One of the staff at The Gaslight Inn, Gettysburg, Pa.
A low-key, elegant oasis in a town once overrun by warring soldiers; and now visitors.
If you haven’t heard, Gettysburg is marking the 150th anniversary of the epic Civil War battle that put it on the map.
Something else that makes this a must-do road trip: the Lincoln Highway (also known as U.S. Route 30 in many places) slices through the battlefields.
The roadway — the first highway to cross the nation — is celebrating its 100th birthday this year. So that’s two anniversaries in one trip.
If you haven’t been to Gettysburg, brush away all the tourist fluff, and it really is a time trip. If you have, how about something admittedly schmaltzy but a little more tantalizing — meeting up with the place’s resident “ghosts”?
Scads of them supposedly hang out at the Farnsworth House Inn, said to have been in the thick of the fighting, with the original bullet holes to prove it.
It was also used as a hospital; and guess where some of the war dead ended up? That’s right, near the creepy cellar complete with decorative coffins, where I find myself regaled with soft-spoken stories of lurking spooks. Long-gone soldiers and townsfolk, who just might try to mess with you at any moment.
“Ghost Mistress” Patti O’Day, a fun and adept teller of such tales, outfits me with metal rods that jump around like those old Slinky toys. They’re meant to point to anything supernatural. Dang, I’m now an official Ghostbuster.
They’re in constant movement the moment I wrap my fingers around them. Guess it’s my magnetic personality.
For some local — if bland — flavor, check out the Lincoln Diner, where they serve French toast a la Lincoln. Trust me, it doesn’t live up to the intriguing name.
Not far from town is a much-more interesting tie to another president, Dwight Eisenhower.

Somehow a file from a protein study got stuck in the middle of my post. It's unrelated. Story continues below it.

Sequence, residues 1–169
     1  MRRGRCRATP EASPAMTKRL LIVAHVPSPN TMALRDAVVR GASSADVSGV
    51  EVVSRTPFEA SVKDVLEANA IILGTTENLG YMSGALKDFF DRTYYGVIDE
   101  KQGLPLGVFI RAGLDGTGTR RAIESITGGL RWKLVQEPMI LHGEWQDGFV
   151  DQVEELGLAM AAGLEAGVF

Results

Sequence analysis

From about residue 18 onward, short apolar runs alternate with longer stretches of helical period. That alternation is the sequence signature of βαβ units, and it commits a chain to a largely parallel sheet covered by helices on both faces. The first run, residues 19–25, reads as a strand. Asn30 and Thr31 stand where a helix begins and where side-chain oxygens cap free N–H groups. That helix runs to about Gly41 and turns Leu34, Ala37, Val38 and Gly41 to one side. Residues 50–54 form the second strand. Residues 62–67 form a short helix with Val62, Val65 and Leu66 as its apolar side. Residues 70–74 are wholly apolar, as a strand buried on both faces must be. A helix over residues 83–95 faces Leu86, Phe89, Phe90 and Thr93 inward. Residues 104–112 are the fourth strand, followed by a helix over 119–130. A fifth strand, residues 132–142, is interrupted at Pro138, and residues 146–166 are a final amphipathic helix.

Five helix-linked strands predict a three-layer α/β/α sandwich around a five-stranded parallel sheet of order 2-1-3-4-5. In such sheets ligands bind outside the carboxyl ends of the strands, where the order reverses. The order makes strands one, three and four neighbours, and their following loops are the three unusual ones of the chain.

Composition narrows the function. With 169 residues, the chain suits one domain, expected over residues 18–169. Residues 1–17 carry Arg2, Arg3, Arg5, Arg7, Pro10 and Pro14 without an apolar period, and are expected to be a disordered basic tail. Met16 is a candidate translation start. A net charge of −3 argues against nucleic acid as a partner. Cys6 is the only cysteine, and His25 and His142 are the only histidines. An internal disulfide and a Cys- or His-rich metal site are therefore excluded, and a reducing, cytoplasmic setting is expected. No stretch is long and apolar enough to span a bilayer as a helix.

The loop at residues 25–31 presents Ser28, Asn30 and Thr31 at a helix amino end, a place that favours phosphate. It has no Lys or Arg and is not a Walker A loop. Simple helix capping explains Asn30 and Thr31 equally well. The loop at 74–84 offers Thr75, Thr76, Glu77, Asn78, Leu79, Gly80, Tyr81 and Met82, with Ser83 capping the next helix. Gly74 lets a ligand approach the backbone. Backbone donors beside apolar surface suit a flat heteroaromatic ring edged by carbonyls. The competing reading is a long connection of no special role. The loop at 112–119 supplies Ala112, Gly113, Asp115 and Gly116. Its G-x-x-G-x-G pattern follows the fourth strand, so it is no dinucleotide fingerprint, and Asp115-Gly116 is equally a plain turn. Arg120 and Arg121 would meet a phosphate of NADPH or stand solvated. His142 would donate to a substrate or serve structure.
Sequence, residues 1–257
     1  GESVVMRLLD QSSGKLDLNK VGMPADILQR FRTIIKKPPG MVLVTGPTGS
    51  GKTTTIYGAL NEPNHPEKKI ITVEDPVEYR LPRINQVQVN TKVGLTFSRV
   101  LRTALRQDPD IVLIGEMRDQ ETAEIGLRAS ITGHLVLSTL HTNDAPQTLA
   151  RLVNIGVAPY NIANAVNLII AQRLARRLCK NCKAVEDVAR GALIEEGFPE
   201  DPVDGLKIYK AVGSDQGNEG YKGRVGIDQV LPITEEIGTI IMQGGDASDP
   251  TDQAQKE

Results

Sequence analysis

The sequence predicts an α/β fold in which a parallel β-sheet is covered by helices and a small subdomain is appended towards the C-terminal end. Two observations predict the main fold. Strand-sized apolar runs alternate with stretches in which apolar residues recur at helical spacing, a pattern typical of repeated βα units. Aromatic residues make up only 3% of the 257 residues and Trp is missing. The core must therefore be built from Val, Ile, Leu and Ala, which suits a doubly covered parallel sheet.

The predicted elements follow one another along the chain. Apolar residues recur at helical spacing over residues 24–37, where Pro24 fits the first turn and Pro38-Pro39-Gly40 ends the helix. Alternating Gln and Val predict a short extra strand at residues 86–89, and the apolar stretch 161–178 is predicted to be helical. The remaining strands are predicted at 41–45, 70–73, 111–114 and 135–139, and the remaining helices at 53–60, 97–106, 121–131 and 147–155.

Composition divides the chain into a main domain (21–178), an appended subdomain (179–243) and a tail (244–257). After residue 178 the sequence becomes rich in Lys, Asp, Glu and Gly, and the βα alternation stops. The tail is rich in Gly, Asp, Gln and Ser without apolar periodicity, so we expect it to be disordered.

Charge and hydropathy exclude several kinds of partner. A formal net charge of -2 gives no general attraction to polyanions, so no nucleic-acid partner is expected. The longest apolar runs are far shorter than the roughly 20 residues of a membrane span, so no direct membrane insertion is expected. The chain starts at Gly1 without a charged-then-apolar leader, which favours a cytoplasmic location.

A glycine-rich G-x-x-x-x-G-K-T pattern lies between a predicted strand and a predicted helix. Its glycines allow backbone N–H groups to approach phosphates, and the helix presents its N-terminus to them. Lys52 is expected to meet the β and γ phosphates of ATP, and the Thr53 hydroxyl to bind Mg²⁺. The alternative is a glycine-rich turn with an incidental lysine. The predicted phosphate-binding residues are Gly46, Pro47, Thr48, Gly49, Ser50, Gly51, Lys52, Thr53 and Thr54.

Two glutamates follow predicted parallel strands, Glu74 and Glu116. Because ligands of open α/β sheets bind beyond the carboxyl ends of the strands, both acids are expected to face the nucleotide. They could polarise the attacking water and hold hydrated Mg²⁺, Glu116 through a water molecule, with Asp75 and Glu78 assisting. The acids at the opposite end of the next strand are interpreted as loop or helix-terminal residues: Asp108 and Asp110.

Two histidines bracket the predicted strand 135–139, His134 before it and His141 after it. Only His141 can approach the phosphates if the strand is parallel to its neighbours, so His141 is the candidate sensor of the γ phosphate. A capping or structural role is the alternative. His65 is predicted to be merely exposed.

One of the legendary World War II general’s presidential retreats was a farm near the Gettysburg battlefield. He later retired there, and though he’s no longer with us, the farm is still operating.
“Ike” was just another local farmer who happened to have a helipad in his back yard. He liked taking world leaders to the farm to break the ice before getting down to business.
He steered clear of the formal living room, thinking it too stuffy.
Opting for the sun porch (where he liked to paint), to show he was just a regular guy.
Basically, the Eisenhowers lived like most folks in the 1960s. First lady Mamie apparently loved the soap As The World Turns. If she had to miss it, a Secret Service agent was assigned to watch and report back.
And a little secret about Ike: Word was, he was a terrible driver. In fairness, he’d been chauffeured around most of his life, so he never had to learn.
Continuing west on the Lincoln Highway, I stop at a farmer’s market with a round barn — never saw one before. But then, what do I know from barns, other than dressbarn?
On this absurdly hot and sticky spring day, I try my first ever sarsaparilla, in a bottle commemorating Gettysburg’s 150th. It’s supposed to taste like root beer, and it does.
Back on the highway, only to slam the brakes for Mr. Ed’s Elephant Museum and Candy Emporium. Yup.
The biggest collection of fake pachyderms and sugar (homemade fudge, Sky Bars and Valomilks) you’ll probably ever see. A diabetic’s dream.
I clear out before I can do more damage to my waistline and drive off. As it turns out, the Appalachian Trail, which I’d always heard of and am determined to experience, is just down the road.
It’s part of a state park that also has Civil War ties. That famous abolitionist and lawmaker Tommy Lee Jones — er, Thaddeus Stevens, owned a village with an ironworks, and the area was a stop on the Underground Railway.
The Confederate Army, no fans of Stevens, burned the place to the ground, though some of the original blacksmith shop is still there.
It’s a cool place to hike during the heat wave, with nothing around but the sounds of birds, bullfrogs and the faint traffic noise from the Lincoln Highway.
Almost perfect, except for the natural carnage: too many hemlocks — the Pennsylvania state tree — felled by vicious invader insects.
Still, a memorable trip. And a great end to my Lincoln Highway odyssey.